North Korean dictator Kim Jong-un met with a special delegation representing South Korean President Moon Jae-in on Wednesday, continuing ongoing talks on denuclearizing the Korean peninsula.
“The special delegation met with Chairman Kim Jong-un to deliver the personal letter (from Moon) and exchange their opinions,” a spokesperson for Seoul’s presidential office Cheong Wa Dae said in a statement. “The special delegation was greeted by Ri Son-kwon, chairman of the Committee for the Peaceful Reunification of the Country, and other committee officials after arriving at Pyongyang International Airport.”
Members of the delegation include head of the presidential National Security Office Chung Eui-yong, head of the National Intelligence Service Suh Hoon, and the Vice Unification Minister Chun Hae-sung. The trip is understood to involve preparations for a meeting in Pyongyang between Kim Jong-un and Moon Jae-in this month, although no details of the trip will be revealed until Thursday.
“First, the delegation will seek to set a specific date for the South-North summit that the countries have already agreed to hold in Pyongyang in September,” Chung told a press briefing Tuesday. “Second, it will discuss ways to develop South-North Korean relations by implementing the Panmunjom Declaration.”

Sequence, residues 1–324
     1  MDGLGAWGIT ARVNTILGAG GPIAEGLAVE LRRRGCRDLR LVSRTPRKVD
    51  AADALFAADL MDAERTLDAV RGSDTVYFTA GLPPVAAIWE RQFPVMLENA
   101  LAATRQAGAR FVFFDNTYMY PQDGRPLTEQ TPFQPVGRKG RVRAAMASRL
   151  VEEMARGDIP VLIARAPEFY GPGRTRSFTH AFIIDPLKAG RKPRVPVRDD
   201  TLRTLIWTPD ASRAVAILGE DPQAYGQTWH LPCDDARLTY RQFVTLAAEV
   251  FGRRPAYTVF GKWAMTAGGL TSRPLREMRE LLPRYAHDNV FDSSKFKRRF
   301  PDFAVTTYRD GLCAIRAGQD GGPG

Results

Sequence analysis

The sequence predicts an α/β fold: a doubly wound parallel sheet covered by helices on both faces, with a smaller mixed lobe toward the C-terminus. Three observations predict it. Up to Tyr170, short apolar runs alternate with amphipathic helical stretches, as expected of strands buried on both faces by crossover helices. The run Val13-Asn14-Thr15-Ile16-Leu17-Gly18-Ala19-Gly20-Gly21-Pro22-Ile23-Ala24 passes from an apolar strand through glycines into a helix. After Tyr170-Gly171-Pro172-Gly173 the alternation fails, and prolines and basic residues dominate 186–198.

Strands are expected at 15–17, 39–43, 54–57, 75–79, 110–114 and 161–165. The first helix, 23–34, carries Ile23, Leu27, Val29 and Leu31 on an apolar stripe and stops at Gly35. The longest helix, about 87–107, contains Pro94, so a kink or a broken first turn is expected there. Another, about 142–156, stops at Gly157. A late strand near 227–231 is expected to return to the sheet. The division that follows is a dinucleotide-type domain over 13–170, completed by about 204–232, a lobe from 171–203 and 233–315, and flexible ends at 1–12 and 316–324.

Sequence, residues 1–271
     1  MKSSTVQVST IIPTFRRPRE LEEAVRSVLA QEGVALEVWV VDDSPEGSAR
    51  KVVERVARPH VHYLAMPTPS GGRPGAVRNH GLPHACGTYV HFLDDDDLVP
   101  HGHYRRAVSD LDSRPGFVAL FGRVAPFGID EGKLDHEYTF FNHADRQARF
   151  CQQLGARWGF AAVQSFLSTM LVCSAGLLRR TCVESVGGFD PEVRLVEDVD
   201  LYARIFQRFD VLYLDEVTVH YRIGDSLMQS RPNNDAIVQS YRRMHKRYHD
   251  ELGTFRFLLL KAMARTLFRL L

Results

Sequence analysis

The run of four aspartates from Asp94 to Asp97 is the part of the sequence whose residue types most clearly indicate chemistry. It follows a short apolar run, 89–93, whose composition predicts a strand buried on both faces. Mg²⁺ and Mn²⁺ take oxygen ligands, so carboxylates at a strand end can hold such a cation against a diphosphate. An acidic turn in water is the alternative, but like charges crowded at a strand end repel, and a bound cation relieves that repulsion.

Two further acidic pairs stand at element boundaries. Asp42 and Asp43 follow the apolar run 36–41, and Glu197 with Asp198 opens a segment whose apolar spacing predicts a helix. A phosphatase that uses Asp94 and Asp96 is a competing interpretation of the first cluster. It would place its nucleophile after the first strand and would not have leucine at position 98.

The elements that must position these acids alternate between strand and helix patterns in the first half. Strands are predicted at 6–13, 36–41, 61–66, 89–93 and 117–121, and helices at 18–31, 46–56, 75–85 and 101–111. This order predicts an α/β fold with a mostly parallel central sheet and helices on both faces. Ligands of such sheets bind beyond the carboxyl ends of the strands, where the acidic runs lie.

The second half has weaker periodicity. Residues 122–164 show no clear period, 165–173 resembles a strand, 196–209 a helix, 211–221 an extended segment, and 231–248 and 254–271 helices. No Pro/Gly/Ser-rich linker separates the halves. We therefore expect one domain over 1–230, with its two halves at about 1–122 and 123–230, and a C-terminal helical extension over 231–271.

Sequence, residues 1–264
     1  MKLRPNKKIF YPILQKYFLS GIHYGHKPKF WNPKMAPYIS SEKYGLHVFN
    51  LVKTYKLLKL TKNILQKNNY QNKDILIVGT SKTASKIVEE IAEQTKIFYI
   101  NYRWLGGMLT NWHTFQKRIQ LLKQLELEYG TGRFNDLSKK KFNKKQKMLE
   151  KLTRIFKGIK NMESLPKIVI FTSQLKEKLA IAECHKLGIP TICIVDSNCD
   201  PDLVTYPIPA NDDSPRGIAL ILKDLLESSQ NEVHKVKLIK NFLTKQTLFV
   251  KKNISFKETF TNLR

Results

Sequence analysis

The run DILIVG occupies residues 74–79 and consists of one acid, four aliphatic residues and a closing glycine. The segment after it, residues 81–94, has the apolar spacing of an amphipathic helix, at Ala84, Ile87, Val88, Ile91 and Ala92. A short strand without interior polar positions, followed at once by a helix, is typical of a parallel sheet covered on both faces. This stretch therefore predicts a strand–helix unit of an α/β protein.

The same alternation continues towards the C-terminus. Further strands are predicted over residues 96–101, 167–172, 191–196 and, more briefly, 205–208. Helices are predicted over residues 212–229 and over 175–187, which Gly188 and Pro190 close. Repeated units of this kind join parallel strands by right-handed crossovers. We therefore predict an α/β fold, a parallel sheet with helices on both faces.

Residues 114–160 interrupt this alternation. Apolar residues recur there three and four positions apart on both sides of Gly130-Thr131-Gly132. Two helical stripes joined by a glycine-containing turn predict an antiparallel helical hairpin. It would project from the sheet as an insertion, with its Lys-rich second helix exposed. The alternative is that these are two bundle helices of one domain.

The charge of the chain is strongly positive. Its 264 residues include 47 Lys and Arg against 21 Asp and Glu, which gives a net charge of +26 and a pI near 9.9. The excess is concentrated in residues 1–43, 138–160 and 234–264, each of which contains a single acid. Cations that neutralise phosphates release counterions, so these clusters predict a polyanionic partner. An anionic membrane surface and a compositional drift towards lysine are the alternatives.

South Korea remains eager to organize another summit with Kim Jong-un, as Moon Jae-in seeks to solidify relations with the communist regime in an attempt to ensure the end of their illegal nuclear weapons program and a better quality of life for North Korean citizens.
“As I said the other day, the need for a South-North Korean summit has rather become greater because of the standoff between the United States and North Korea,” a spokesperson for Moon said last month. “We expect the South-North summit to play a role in paving the way and further expanding the path.”
The United States reportedly supports this approach. The Trump administration is seeking to achieve a comprehensive agreement that will see North Korea get rid of their nuclear weapons in exchange for the lifting of economic sanctions. Many have criticized the approach as a form of appeasement against a regime with arguably the world’s worst human rights record.
A study released last month found that human rights violations and infringements on the right to life have worsened since North Korean dictator Kim Jong-un seized power in 2012, documenting thousands of cases of torture, wrongful imprisonment, forced abortions, starvation, and rape against religious minorities and those determined to be disloyal to the regime.
On Tuesday, reports indicated that Chinese President Xi Jinping would not attend North Korea’s major national celebrations to mark the 70th anniversary of the founding of the Kim dynasty. Li Zhanshu, a member of the Politburo Standing Committee and the head of China’s Congress, will lead a delegation to Pyongyang in his place. China remains North Korea’s strongest ally, providing vital economic and political support that has allowed the regime to survive.